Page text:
In the archaic world known as the Federal Reserve Bank, an iron grip is usually held on the money supply. It’s a game of chicken, to an extent with raising and lowering the rates that banks have to pay in interest. Too much and the brakes go on the economy, something that President Donald Trump knows darn well and good and wants to prevent at all costs.
What Trump really wanted at this point in his presidency was a drop in interest rates to make money more fluid.
On Wednesday, he got it.
As CNN reported, “Policymakers led by Fed Chairman Jerome Powell voted 8-2 in favor of a small cut in the federal funds rate, and recommitted to their promise to ‘act as appropriate’ to sustain the country’s longest economic expansion in history.”
Powell explained, “The outlook for the U.S. economy remains favorable and this action is designed to support that outlook. It is intended to ensure against downside risks from weak global growth and trade policy uncertainty, to help offset the effects these factors are having on the economy, and to promote a faster return of inflation to our 2% objective.”
CNBC reported, “In approving the cut, the FOMC cited ‘implications of global developments for the economic outlook as well as muted inflation pressures.’ The committee called the current state of growth ‘moderate’ and the labor market ‘strong,’ but decided to loosen policy anyway.”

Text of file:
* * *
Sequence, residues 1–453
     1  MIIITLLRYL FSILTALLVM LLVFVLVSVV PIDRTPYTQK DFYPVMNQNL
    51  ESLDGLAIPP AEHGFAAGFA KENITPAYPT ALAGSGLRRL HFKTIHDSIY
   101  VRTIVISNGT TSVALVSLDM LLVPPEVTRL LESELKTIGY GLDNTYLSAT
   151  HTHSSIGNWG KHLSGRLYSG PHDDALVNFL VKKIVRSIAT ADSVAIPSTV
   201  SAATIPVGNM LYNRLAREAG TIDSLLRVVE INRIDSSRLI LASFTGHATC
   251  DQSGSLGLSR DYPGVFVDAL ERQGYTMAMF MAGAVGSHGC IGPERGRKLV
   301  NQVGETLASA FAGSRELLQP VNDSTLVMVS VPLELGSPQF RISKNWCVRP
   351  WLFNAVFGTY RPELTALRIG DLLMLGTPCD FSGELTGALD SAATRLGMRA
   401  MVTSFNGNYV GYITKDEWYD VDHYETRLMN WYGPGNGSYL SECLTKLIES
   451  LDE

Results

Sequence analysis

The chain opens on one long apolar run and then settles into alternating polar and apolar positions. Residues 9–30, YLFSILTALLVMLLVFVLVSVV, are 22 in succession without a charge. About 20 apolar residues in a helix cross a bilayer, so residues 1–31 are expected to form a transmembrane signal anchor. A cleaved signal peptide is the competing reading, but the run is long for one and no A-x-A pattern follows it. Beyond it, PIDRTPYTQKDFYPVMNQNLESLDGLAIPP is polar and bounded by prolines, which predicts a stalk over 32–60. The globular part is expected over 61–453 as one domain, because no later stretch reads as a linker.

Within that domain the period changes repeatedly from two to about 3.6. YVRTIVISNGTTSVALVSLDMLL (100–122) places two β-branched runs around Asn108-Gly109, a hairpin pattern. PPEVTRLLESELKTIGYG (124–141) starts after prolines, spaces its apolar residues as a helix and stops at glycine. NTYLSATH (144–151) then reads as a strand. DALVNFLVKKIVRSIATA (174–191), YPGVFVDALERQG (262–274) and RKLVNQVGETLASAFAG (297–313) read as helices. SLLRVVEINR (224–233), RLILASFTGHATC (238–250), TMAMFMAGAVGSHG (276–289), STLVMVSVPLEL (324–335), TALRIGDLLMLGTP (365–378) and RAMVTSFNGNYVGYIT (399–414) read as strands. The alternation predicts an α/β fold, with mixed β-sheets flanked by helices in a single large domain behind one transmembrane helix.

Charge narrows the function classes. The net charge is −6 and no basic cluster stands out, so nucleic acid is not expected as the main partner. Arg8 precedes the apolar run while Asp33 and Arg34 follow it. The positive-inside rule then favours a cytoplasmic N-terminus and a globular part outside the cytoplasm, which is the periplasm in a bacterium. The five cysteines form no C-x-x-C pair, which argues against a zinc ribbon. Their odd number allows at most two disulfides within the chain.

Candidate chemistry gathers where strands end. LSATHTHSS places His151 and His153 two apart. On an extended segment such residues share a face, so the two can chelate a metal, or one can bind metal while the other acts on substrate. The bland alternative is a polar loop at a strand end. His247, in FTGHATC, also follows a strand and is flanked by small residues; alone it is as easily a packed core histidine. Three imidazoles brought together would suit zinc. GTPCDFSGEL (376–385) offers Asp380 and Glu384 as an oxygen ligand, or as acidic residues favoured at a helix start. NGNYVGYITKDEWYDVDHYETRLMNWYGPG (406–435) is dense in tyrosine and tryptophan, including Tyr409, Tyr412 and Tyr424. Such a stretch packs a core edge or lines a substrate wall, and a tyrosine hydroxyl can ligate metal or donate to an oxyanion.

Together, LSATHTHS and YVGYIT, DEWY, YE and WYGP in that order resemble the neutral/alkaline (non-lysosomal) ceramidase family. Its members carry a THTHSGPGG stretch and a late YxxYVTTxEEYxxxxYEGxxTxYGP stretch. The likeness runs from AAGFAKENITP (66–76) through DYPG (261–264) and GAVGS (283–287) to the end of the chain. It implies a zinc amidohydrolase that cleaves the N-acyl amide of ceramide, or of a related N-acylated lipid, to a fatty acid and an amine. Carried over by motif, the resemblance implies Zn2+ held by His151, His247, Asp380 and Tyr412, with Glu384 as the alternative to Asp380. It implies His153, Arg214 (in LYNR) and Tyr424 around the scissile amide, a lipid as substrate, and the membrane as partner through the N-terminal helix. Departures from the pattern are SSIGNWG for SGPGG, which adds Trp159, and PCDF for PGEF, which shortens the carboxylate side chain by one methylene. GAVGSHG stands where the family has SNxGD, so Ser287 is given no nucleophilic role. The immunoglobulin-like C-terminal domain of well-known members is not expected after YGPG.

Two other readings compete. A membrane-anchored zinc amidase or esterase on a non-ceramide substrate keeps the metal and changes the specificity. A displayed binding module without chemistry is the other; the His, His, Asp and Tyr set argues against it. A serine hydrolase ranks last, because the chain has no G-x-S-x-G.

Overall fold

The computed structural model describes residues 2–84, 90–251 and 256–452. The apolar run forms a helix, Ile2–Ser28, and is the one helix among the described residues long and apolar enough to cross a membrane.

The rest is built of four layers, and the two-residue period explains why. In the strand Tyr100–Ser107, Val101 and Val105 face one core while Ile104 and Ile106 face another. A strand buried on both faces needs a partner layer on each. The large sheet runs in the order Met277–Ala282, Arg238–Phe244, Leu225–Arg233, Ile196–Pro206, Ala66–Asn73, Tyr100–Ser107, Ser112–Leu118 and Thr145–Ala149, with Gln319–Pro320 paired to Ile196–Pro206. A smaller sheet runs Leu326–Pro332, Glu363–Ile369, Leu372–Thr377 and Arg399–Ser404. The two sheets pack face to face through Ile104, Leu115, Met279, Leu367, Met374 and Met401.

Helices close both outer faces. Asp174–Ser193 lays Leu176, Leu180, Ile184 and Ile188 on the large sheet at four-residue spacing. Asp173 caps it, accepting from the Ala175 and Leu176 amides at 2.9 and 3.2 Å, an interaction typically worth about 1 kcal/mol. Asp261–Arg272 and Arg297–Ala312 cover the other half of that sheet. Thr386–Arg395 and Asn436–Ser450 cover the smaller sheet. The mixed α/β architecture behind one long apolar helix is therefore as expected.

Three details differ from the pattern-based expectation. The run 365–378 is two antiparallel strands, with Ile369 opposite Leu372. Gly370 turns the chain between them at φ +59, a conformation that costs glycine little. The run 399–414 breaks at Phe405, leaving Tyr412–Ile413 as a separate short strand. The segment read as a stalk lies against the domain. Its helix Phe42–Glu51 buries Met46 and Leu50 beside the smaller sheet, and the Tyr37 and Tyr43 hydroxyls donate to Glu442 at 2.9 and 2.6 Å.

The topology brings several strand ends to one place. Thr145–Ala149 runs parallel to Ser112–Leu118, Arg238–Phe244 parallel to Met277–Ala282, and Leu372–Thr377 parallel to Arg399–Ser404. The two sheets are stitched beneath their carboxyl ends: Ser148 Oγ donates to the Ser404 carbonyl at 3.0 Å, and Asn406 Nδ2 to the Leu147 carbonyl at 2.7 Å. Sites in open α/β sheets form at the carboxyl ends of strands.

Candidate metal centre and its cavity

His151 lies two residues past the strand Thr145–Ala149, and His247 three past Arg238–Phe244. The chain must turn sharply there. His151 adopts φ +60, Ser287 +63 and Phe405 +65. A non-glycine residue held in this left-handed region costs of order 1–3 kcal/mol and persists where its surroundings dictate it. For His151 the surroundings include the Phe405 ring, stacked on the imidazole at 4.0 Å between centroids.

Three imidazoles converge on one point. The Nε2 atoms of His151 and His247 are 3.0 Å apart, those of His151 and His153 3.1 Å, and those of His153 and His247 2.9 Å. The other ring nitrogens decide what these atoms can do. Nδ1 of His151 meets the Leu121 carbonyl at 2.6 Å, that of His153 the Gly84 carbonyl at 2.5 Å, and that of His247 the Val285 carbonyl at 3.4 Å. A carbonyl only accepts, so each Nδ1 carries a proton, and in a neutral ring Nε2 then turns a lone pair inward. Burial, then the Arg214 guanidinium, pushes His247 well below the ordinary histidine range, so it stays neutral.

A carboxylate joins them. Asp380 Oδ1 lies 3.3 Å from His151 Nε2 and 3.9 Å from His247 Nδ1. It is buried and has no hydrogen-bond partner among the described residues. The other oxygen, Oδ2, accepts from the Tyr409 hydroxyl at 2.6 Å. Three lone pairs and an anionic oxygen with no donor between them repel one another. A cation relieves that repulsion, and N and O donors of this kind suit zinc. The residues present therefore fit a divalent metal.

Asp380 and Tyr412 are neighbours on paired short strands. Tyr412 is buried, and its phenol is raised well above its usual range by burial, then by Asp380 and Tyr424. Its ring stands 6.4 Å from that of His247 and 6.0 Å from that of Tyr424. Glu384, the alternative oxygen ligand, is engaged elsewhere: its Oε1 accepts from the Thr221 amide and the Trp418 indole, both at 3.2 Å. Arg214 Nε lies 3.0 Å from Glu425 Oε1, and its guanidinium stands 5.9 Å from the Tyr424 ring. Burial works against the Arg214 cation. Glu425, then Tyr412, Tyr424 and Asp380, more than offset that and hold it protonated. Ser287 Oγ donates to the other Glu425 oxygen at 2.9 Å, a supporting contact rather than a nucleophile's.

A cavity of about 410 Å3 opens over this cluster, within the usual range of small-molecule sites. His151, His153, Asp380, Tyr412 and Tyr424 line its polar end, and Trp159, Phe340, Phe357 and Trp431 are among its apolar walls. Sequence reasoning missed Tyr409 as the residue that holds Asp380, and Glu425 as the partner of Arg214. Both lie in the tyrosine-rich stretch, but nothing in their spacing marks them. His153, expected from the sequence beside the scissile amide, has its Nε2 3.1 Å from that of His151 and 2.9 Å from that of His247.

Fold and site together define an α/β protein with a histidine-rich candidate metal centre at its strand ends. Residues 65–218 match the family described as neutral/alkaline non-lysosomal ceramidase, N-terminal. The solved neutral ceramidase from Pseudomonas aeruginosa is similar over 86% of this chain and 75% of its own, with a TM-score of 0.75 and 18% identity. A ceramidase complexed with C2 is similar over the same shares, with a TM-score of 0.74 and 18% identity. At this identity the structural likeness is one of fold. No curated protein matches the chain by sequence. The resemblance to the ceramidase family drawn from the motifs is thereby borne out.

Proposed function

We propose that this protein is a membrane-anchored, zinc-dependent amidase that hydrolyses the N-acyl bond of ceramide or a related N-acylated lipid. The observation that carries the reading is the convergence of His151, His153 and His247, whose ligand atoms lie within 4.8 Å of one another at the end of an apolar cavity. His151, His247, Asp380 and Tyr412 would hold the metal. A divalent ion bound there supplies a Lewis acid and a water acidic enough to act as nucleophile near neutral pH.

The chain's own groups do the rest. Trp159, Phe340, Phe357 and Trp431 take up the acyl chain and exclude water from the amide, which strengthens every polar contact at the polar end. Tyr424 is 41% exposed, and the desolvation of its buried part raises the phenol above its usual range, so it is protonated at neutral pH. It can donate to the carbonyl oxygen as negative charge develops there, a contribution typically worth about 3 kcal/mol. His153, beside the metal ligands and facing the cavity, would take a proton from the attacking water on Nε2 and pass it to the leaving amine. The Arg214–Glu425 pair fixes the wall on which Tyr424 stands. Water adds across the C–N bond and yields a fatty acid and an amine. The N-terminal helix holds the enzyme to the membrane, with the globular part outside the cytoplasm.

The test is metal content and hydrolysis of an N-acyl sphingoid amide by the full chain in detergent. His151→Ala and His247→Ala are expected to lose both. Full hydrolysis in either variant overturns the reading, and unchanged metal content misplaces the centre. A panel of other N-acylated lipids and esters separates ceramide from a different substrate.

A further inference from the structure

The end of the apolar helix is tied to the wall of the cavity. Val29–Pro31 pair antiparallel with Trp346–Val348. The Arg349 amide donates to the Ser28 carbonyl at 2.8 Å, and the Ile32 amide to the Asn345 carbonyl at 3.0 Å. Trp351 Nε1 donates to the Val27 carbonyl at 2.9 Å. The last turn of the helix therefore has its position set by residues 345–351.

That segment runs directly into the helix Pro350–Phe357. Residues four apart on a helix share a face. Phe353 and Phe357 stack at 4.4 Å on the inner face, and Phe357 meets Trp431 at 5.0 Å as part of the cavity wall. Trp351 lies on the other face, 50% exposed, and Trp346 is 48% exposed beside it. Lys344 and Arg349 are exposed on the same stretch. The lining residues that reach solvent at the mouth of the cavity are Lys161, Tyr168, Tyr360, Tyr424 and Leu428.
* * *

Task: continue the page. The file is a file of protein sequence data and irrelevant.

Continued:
President Trump took to Twitter and a victory lap of sorts ensued.
Asked about the Fed’s move on Wednesday, Trump replied that lowering rates so they rest between 2% and 2.25% didn’t go far enough. He stated:
The Fed move, in my opinion, far too early and far too severely; it puts me somewhat at a disadvantage. Fortunately I’ve made the economy so strong that nothing’s going to stop us. But the Fed could have made it a lot easier; I would like to see a large cut and I’d like to see immediately the quantitative tightening stop. It should be stopped. For them to do quantitative tightening and also higher interest rates simultaneously, I think was a big mistake. I also think that had they not done it, as good as we’ve done, we’ve hit a record, as you will tell, as you will say, in the stock market. We had an all-time high in the history of the stock market; I think I would have been 10,000 points higher and I think we would have been in the 4’s with GDP.
That being the case, whose side is the Federal Reserve on?